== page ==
The Future of Transportation in Santa Barbara
The city should start planning now for the coming changes
Santa Barbara is a beautiful city. A big part of the reason comes from a happenstance of historical timing: the majority of the city’s layout predates the automobile. Our streets come from an earlier time, and were designed and laid out at a human scale.
If the city had been designed after cars became dominant, it would be a very different place. Instead of cute, walkable neighborhoods, we would have the giant grid and monster streets of many other places in Southern California and beyond. You know them, I’m sure — they are places like Irvine, Van Nuys, Las Vegas, Phoenix, and many more. I don’t mean to insult these places; just to say that being designed for cars gives them a feeling and a set of use patterns that are particular to the car, and that all too common in the U.S. Fortunately, that was not Santa Barbara’s fate. Although we have made many large (and damaging) changes to our city on account of the car, we have preserved our small, narrow streets and compact, small-town feel.
We now live in a very interesting time. The era of widespread personal ownership of cars is beginning to wind down, and younger generations are already buying fewer cars. They are choosing to live in places that provide multimodal transportation freedom: convenient options for walking, cycling, and public transport, supplemented with Uber, Lyft, car sharing, and perhaps an occasional rental. With the coming onset of self-driving cars, this trend will accelerate rapidly. Americans, who have been paying 25% or more of their income on car payments, insurance, gas, repairs, and parking, will begin to say “No more.” The future of transportation is mixed-use, on demand, automated, more efficient, and less expensive.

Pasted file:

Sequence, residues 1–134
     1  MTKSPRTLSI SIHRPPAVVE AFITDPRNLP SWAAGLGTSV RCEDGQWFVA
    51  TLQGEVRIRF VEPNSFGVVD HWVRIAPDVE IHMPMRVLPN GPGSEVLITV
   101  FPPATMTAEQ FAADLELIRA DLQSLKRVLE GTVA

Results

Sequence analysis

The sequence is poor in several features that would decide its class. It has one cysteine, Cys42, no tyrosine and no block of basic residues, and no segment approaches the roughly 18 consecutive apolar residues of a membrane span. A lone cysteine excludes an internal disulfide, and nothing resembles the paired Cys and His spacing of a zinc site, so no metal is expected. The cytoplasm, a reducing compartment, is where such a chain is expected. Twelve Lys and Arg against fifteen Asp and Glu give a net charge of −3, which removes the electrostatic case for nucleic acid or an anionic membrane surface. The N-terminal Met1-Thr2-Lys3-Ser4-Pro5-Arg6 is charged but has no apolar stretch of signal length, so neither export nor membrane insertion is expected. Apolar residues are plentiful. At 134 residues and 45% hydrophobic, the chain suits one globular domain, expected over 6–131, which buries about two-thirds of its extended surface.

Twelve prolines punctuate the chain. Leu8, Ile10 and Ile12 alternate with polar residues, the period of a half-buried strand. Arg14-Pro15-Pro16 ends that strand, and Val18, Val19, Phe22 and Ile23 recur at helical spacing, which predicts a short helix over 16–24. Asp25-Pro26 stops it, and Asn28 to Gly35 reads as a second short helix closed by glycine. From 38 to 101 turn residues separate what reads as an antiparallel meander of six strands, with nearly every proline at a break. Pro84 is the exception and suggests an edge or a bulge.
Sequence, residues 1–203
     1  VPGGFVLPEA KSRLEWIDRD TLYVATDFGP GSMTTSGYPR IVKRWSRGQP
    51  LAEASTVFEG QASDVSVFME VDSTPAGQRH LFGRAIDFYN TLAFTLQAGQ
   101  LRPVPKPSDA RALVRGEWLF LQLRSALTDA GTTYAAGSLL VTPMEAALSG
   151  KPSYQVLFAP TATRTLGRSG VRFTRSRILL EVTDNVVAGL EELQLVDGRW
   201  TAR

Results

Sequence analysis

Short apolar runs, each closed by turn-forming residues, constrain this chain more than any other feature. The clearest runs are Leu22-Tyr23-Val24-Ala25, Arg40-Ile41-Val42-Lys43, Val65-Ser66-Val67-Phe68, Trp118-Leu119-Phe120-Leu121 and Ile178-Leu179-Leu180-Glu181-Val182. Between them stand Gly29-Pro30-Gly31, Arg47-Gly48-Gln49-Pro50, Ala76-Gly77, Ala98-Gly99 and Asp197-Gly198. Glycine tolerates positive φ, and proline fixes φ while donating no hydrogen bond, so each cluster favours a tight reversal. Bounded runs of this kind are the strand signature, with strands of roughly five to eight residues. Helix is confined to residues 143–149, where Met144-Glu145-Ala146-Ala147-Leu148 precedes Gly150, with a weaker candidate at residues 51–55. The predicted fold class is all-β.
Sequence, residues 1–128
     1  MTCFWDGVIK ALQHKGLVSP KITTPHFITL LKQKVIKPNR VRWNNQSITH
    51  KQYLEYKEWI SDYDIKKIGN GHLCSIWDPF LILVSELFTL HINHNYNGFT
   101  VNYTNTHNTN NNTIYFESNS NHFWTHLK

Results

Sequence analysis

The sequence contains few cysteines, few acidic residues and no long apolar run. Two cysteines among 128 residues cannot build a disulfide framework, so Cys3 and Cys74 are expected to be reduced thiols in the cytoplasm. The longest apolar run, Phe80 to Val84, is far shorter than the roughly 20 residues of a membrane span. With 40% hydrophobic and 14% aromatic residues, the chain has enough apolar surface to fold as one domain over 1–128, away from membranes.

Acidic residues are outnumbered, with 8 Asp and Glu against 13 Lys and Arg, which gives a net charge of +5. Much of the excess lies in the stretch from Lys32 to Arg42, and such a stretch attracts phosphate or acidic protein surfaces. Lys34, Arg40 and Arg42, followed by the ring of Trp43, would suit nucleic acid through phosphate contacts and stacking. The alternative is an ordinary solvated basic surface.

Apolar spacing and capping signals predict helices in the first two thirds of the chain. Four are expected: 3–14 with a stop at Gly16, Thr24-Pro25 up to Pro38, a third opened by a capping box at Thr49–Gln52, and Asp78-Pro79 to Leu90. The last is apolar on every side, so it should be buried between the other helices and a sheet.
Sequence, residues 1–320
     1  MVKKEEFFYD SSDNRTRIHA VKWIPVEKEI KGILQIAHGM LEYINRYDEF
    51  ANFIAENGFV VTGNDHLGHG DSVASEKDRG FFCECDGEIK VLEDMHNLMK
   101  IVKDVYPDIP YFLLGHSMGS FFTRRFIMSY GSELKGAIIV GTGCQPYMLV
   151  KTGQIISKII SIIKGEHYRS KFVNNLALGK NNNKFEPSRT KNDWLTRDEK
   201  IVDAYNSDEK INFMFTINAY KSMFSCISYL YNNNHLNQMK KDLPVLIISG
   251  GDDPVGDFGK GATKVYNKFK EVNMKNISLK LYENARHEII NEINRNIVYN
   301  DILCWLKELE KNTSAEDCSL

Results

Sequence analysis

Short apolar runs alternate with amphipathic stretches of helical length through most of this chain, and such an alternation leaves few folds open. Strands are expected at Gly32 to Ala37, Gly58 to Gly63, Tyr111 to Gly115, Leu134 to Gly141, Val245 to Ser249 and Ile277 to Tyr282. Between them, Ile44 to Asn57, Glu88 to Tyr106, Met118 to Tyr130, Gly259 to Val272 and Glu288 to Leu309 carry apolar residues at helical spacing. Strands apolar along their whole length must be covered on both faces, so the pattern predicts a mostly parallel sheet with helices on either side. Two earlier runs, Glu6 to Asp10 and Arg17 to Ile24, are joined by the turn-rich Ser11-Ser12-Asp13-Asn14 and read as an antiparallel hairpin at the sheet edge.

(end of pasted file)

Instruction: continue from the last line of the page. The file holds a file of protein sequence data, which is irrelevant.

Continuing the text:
The benefits of these changes will be staggering. As car ownership declines and demand for parking decreases, land currently reserved as storage for cars-not-in-use will be repurposed for a wide range of alternate uses. Those stretches of pavement will become parks, housing, businesses, and safe routes for cycling, walking, and other forms of wheeled transportation. Safe routes will get people moving, rather than sitting behind the wheel, which will generate profound health benefits and reduce health costs. The environment will benefit as we burn less fossil fuel, as cars become more efficient, and as more people choose efficient alternatives such as electric scooters, bikes, and various other types of electrically-turned wheels.
Forward-thinking cities should be planning for these changes now. City transportation and land use plans put into place in the next five years will affect the built environment for the next 20, 50, even 100 years. Will we continue to build for the realities of 1990, or will we start to build for the realities of 2020 and beyond? Projects planned today, and built in 2020, will still be paying for the development and land costs of their typically-required two-parking-spaces-per-unit in 2050, long after the need for them is gone.
Strong leaders with the vision to prepare for these changes will give their cities a huge advantage in the coming years. Their cities will be the places that people want to live, and where businesses want to locate. They will even have lower rents, since the same land can accommodate more units without those vast swathes of empty pavement. Mostly, though, these cities have the opportunity to be more vibrant, healthy, and just plain better places to live.
Despite the near-term challenges as these changes play out in the market, I fervently hope Santa Barbara will help lead the way. The recent support for the updated Bicycle Master Plan from the SB City Council gives me hope that we will.